International fusion energy project faces delays, says chief
An international project in nuclear fusion may face "years" of delays, its boss has told AFP, weeks after scientists in the United States announced a breakthrough in their own quest for the coveted goal.
The International Thermonuclear Experimental Reactor (ITER) project seeks to prove the feasibility of fusion as a large-scale and carbon-free source of energy.
Installed at a site in southern France, the decades-old initiative has a long history of technical challenges and cost overruns.
Fusion entails forcing together the nuclei of light atomic elements in a super-heated plasma, held by powerful magnetic forces in a doughnut-shaped chamber called a tokamak.
The idea is that fusing the particles together from isotopes of hydrogen—which can be extracted from seawater—will create a safer and almost inexhaustible form of energy compared with splitting atoms from uranium or plutonium.
ITER'S previously-stated goal was to create the plasma by 2025.
But that deadline will have to be postponed, Pietro Barabaschi—who in September became the project's director-general—told AFP during a visit to the facility.
The date "wasn't realistic in the first place," even before two major problems surfaced, Barabaschi said.
One problem, he said, was wrong sizes for the joints of blocks to be welded together for the installation's 19-by-11-metre (62-by-36-feet) chamber.
The second was traces of corrosion in a thermal shield designed to protect the outside world from the enormous heat created during nuclear fusion.
Fixing the problems "is not a question of weeks, but months, even years," Barabaschi said.
A new timetable is to be worked out by the end of this year, he said, including some modification to contain the expected cost overrun, and to meet the French nuclear safety agency's security requirements.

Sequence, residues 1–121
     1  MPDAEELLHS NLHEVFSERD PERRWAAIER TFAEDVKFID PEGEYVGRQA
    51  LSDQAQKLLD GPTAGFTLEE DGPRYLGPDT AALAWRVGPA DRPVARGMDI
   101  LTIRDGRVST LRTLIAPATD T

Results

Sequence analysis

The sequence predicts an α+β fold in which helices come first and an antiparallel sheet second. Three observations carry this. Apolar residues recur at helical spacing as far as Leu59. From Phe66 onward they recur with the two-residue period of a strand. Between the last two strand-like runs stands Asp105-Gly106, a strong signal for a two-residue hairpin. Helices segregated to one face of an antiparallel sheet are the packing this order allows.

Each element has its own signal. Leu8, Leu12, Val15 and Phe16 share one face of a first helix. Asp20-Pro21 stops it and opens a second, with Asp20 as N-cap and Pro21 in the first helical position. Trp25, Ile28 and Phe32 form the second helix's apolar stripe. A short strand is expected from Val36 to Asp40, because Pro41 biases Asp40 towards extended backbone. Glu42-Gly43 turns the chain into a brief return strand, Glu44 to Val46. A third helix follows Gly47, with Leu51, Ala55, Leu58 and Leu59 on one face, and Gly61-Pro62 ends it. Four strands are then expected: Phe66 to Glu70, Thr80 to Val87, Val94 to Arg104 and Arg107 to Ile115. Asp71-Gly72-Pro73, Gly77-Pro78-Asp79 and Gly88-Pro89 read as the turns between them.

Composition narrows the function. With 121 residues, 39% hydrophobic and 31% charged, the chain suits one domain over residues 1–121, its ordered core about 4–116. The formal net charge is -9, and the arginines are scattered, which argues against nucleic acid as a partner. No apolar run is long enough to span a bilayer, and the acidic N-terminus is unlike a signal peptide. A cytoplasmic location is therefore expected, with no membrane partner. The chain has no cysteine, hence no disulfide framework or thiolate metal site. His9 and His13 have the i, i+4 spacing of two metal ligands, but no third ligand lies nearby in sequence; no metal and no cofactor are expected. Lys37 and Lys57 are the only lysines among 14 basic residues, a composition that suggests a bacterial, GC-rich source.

Barabaschi said he hoped ITER would be able to make up for the delays as it prepares to enter the full phase, currently scheduled for 2035.
On December 13, US researchers working separately from ITER announced an important technical breakthrough.
Scientists at the Lawrence Livermore National Laboratory (LLNL) in California said they had used the world's largest laser to create, for the first time, a fusion reaction generating more energy than it took to produce.
"Some competition is healthy in any environment," Barabaschi said about the success.
"If tomorrow somebody found another breakthrough that would make my work redundant, I would be very happy," he added.
ITER was set in motion after a 1985 summit between US president Ronald Reagan and Soviet leader Mikhail Gorbachev.
Its seven partners are China, the European Union, India, Japan, South Korea, Russia and the United States.
Russia still participates in ITER despite the start of the Ukraine conflict.
In November it dispatched one of six giant magnets needed for the top part of the tokamak.
© 2023 AFP